Park Service Regulations are “viewpoint neutral and
reasonable in light of the purpose [of] the forum.” Marlin v.
D.C. Bd. of Elections and Ethics, 236 F.3d 716, 719 (D.C.
Cir. 2001) (citation and quotation marks omitted). The
Regulations plainly do not discriminate on the basis of
13
viewpoint, but rather prohibit disruptive speech regardless of
its message. Oberwetter argues that the government engages
in viewpoint discrimination by hosting its own official
birthday ceremony in the Memorial while excluding her
celebratory dance. This argument fails because the
government is free to establish venues for the exclusive
expression of its own viewpoint. See Pleasant Grove v.
Summum, 555 U.S. 460 (2009) (holding that when the
government erects a monument on public property, it is not
obligated to allow other monuments expressing alternative
viewpoints); Johanns v. Livestock Mktg. Ass’n, 544 U.S. 550,
553 (2005) (“[T]he Government’s own speech . . . is exempt
from First Amendment scrutiny.”). It would be strange indeed
to hold that the government may not favor its own expression
inside the Jefferson Memorial, which was built by the
government for the precise purpose of promoting a particular
viewpoint about Jefferson.

We have noted previously that the Park Service has a


substantial interest in promoting a tranquil environment at our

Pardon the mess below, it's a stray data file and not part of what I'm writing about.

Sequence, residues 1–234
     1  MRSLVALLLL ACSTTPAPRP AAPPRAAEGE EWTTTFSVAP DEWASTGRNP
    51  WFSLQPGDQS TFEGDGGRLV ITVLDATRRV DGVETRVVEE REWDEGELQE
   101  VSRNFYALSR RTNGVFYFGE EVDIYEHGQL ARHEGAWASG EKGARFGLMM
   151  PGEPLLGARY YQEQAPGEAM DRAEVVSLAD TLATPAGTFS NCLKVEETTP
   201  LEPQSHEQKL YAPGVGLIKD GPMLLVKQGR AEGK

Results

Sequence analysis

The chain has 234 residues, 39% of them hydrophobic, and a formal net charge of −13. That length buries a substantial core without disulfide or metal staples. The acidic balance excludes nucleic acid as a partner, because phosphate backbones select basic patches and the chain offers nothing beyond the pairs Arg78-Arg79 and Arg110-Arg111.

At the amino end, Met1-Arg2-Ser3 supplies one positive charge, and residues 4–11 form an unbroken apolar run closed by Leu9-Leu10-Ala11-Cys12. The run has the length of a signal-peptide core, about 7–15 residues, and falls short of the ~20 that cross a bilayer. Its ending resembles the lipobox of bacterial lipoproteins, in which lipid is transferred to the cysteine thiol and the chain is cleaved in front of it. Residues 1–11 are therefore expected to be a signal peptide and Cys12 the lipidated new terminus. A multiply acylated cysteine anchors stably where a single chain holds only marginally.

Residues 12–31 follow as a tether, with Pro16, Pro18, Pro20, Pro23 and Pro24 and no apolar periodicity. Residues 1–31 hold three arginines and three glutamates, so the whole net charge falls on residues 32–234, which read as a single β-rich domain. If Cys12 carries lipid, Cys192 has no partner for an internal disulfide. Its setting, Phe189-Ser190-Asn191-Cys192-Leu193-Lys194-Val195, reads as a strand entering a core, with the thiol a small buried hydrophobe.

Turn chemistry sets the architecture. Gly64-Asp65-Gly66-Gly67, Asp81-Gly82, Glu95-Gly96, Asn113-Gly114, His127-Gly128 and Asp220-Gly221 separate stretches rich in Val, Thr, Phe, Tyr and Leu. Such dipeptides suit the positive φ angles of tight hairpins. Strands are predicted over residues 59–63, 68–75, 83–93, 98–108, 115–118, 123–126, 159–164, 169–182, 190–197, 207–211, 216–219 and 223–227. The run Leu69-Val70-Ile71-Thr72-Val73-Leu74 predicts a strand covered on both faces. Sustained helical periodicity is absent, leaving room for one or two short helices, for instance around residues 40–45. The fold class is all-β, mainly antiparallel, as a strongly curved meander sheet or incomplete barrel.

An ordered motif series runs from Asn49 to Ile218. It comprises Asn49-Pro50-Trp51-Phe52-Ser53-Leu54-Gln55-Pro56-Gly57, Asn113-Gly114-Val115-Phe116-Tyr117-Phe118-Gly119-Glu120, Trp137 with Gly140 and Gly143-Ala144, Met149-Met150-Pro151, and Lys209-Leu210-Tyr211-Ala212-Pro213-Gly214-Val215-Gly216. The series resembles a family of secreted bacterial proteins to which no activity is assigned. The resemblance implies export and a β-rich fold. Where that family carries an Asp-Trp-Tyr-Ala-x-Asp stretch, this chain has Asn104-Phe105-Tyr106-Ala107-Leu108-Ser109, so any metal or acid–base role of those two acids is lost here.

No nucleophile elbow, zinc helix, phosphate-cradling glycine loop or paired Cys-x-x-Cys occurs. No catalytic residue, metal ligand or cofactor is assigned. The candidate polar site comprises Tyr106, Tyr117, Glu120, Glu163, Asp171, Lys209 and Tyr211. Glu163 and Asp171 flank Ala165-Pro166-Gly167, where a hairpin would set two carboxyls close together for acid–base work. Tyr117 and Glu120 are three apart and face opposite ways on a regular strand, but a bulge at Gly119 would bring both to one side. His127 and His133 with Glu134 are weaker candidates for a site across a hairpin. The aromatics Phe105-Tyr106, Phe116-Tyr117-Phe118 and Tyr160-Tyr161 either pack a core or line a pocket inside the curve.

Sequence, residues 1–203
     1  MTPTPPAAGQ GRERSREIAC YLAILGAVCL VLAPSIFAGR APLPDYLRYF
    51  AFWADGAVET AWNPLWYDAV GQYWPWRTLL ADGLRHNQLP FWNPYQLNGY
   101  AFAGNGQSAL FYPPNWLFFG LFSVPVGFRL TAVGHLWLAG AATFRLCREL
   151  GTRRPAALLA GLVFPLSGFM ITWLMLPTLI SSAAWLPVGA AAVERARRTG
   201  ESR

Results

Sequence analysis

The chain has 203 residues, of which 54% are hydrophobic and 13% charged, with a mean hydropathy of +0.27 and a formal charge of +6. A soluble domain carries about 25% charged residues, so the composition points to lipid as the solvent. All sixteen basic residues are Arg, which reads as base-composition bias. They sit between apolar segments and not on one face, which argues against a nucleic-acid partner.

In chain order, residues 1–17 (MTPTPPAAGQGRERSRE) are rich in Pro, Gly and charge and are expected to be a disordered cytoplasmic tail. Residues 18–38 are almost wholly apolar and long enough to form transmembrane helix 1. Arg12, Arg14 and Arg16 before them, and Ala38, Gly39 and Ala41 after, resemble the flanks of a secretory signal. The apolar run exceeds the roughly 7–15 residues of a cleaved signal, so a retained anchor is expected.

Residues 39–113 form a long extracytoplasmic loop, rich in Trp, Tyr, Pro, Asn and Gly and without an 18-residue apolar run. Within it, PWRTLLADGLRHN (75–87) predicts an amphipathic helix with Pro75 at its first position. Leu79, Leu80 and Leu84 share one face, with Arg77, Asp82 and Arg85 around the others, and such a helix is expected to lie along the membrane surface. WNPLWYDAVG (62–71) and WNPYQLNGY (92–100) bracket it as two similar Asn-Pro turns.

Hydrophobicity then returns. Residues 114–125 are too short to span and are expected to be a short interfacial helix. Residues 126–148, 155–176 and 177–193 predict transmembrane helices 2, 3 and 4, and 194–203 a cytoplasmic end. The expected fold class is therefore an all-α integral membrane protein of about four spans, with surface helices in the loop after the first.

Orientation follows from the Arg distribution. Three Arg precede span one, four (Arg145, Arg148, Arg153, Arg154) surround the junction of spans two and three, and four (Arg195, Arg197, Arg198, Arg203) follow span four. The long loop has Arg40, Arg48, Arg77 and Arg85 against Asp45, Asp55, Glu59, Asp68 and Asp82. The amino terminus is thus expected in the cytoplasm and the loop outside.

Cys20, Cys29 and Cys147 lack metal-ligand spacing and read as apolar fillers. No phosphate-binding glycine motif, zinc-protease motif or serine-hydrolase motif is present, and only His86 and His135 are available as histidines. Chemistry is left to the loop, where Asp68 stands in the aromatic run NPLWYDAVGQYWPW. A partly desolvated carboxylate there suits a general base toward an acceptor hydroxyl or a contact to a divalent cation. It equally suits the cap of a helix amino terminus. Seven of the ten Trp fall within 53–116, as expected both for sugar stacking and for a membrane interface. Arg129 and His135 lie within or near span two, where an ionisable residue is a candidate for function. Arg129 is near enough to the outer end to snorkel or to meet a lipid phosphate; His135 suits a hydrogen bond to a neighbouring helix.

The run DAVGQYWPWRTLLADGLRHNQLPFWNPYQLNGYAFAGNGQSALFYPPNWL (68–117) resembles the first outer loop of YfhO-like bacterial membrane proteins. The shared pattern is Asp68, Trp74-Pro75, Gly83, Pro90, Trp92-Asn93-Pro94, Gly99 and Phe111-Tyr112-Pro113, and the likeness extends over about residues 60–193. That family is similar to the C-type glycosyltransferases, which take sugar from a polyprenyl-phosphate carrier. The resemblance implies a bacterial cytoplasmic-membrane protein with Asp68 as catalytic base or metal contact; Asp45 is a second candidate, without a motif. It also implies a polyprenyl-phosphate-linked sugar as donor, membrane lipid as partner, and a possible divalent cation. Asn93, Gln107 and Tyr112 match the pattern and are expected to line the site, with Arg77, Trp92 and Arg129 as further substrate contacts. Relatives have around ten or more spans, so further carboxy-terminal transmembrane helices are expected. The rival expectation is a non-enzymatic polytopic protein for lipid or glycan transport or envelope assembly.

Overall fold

national memorials. See Henderson, 964 F.2d at 1184 (“Th[e]
interest in maintaining a tranquil mood at the [Vietnam]
Memorial wall is similar to ones that the Supreme Court and
this court have recognized as substantial.”). Here the
government has reasonably advanced its interest in tranquility
because, unlike in Henderson, the restriction on expressive
activity does not sweep beyond the actual Memorial space.
Outside the Jefferson Memorial, of course, Oberwetter and
her friends have always been free to dance to their hearts’
content.

IV

Finally, we turn to Oberwetter’s claims against Officer


Hilliard under Bivens v. Six Unknown Named Agents, 403
14
U.S. 388 (1971). Oberwetter alleges that Hilliard personally
violated her First and Fourth Amendment rights by infringing
her right to free expression, arresting her without probable
cause, and subjecting her to excessive force. “Although
government officials may be sued in their individual
capacities for damages under Bivens, qualified immunity
protects officials from liability ‘insofar as their conduct does
not violate clearly established statutory or constitutional rights
of which a reasonable person would have known.’” Atherton
v. District of Columbia, 567 F.3d 672, 689 (D.C. Cir. 2009)
(quoting Harlow v. Fitzgerald, 457 U.S. 800, 818 (1982)). In
evaluating a claim of qualified immunity, we first “determine